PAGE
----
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$30 Million Gift to Establish Center for Prostate Cancer

$30 Million Gift to Establish Center for Prostate Cancer
University of Michigan Rogel Cancer Center

University of Michigan Regent Ron Weiser has committed $30 million to Michigan Medicine to establish an innovative, patient-focused program in prostate cancer. The Ronald Weiser Center for Prostate Cancer will invest in staff, infrastructure, technologies and education as well as research into the disease and its treatment.

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$25 Million Gift to Accelerate Discovery at Renamed Legorreta Cancer Center

$25 Million Gift to Accelerate Discovery at Renamed Legorreta Cancer Center
Legorreta Cancer Center at Brown University

A $25 million gift from life sciences entrepreneur and investor Pablo Legorreta and his wife, Almudena, will advance a plan to transform Brown University’s recently launched cancer center into a world-class facility. Wafik El-Deiry, MD, PhD, FACP, is the center's director.

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Proton Therapy Treatment Facility is Part of Ongoing Expansion

Moffitt Cancer Center

With a transformational philanthropic gift of $15 million from the Richard M. Schulze Family Foundation, Moffitt Cancer Center has announced that in 2022 it will initiate its plan for a new proton therapy treatment facility.

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$6 Million Gift Launches New CAR T Initiative

UCSF Helen Diller Family Comprehensive Cancer Center

UC San Francisco has launched the Baszucki Lymphoma Therapeutics Initiative to increase the effectiveness and availability of chimeric antigen receptor T-cell (CAR T) therapy for lymphoma patients. Jan Ellison Baszucki and her husband, Roblox CEO David Baszucki, gifted $6 million over five years to support the initiative.

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Holcombe Invested as Inaugural J. Walter Juckett Chair in Cancer Research

Holcombe Invested as Inaugural J. Walter Juckett Chair in Cancer Research
The University of Vermont Cancer Center

With $3 million in support from a longtime donor to the University of Vermont Cancer Center, Director Randall F. Holcombe, MD, MBA, was invested as the inaugural J. Walter Juckett Chair in Cancer Research in the Larner College of Medicine.

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Research to Examine Racial Disparities in Immunotherapy Effectiveness

Barbara Ann Karmanos Cancer Institute, Wayne State University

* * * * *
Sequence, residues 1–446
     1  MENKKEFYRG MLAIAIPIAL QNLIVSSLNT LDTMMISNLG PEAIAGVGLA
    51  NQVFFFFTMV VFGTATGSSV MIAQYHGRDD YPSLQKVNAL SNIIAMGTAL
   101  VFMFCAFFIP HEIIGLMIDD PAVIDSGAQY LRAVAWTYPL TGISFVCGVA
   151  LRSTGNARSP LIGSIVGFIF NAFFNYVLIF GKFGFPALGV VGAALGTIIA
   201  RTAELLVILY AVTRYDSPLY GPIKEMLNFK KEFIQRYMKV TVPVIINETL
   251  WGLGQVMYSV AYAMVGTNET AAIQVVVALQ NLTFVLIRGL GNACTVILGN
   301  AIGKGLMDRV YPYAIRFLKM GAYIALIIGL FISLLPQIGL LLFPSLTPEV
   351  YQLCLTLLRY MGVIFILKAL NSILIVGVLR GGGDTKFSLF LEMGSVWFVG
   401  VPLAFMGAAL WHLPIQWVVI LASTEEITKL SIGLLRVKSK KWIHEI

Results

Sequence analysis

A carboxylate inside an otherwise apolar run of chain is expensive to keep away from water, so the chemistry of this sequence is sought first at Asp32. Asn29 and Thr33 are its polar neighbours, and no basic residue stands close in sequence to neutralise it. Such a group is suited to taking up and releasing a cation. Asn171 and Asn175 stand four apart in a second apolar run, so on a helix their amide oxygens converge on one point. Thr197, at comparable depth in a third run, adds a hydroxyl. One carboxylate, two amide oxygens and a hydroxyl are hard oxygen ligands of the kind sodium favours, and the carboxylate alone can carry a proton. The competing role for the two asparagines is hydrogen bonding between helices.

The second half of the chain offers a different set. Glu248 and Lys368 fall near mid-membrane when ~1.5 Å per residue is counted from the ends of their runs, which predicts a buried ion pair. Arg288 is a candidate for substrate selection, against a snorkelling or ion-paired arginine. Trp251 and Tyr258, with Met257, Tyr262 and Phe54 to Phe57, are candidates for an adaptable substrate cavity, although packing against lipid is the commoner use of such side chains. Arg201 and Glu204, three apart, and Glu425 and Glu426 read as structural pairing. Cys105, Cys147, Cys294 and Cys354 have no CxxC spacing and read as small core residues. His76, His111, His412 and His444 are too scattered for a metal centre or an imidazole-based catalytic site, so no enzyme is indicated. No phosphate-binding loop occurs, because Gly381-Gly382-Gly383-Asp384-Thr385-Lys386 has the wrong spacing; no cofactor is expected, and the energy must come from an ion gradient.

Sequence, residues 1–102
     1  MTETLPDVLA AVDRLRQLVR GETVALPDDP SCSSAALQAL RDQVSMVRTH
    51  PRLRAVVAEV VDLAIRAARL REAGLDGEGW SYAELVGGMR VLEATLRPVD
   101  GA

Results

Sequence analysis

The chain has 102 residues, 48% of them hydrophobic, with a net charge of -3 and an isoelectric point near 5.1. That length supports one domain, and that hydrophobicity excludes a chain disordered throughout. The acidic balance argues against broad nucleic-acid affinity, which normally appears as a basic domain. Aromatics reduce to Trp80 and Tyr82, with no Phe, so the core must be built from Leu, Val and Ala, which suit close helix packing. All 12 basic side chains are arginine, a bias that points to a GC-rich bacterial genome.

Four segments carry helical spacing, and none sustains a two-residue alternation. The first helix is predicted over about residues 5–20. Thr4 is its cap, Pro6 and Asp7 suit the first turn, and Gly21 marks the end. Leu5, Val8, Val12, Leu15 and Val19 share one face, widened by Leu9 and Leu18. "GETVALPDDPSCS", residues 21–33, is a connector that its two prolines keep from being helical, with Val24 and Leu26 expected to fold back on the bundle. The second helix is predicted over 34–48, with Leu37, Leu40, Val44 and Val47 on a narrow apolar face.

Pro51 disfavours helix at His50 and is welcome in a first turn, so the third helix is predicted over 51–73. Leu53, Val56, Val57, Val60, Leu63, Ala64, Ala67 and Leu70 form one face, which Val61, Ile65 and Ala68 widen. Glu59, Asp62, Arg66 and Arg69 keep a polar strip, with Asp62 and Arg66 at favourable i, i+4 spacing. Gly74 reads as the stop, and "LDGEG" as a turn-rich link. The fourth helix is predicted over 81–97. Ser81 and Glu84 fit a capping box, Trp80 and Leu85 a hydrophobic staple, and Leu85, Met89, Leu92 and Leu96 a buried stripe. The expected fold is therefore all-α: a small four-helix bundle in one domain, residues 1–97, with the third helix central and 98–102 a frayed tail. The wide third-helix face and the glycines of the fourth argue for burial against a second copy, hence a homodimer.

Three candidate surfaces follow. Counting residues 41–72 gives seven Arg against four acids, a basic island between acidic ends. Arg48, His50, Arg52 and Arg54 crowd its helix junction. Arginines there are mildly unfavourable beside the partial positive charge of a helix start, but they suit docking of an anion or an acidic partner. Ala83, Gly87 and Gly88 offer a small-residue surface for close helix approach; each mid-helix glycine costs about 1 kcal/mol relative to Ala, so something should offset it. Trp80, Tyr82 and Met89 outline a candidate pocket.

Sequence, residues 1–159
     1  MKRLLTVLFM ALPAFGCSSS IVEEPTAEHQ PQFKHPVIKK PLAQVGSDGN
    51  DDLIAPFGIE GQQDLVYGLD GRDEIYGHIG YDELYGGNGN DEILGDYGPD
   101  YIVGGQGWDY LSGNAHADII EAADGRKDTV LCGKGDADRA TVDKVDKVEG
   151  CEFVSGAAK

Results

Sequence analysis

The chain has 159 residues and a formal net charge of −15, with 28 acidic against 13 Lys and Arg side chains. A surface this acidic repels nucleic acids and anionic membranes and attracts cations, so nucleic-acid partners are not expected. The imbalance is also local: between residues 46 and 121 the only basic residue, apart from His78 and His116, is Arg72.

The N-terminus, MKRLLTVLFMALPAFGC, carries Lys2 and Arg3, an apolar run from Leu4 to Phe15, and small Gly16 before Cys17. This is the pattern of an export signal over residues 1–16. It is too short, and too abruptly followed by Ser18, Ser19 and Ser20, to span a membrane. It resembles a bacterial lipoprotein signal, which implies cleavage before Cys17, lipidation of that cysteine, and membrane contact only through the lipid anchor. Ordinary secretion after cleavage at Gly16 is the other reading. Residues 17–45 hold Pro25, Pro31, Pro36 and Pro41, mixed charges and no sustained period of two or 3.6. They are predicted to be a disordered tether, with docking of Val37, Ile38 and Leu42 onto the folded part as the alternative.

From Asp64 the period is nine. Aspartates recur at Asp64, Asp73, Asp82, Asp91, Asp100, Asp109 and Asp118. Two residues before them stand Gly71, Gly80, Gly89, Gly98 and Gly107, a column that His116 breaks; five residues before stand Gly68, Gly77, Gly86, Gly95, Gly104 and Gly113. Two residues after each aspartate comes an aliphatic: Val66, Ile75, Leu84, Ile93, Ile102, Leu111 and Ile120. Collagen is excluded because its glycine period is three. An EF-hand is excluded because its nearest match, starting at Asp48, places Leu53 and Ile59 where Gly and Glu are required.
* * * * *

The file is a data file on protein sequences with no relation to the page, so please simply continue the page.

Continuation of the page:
Karmanos Cancer Institute and Wayne State University received a $2,997,215 federal grant to help determine why African Americans show poorer responses than whites to an immune checkpoint inhibitor for metastatic non-small cell lung cancer. Principal investigators are Ann Schwartz, PhD, MPH, deputy center director, and Gerold Bepler, MD, PhD, Karmanos president and CEO.

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Translational Studies Have Potential to Find Lung Cancer Therapies

Translational Studies Have Potential to Find Lung Cancer Therapies
University of Illinois Cancer Center

University of Illinois Cancer Center member Jiyeon Kim, PhD, received a four-year grant from the American Cancer Society to investigate whether the pathway that increases fructose and mannose metabolism in lung cancer is a potential therapeutic target.

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New Grant Program to Support Community-Led Health Initiatives

VCU Massey Cancer Center

The new Massey Cancer Center Community Grant Program will help community partners expand programs focused on the promotion of health, health equity, person-centered care across the cancer continuum—from prevention through survivorship—and reducing suffering from cancer.

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Li Named Associate Director of Diversity, Equity and Inclusion

Li Named Associate Director of Diversity, Equity and Inclusion
Fred Hutchinson Cancer Research Center

The Fred Hutch/University of Washington Cancer Consortium has named Christopher Li, MD, PhD, its first associate director of diversity, equity and inclusion (DEI). In this role, Dr. Li will coordinate and drive work that enhances DEI efforts across the consortium’s partner institutions.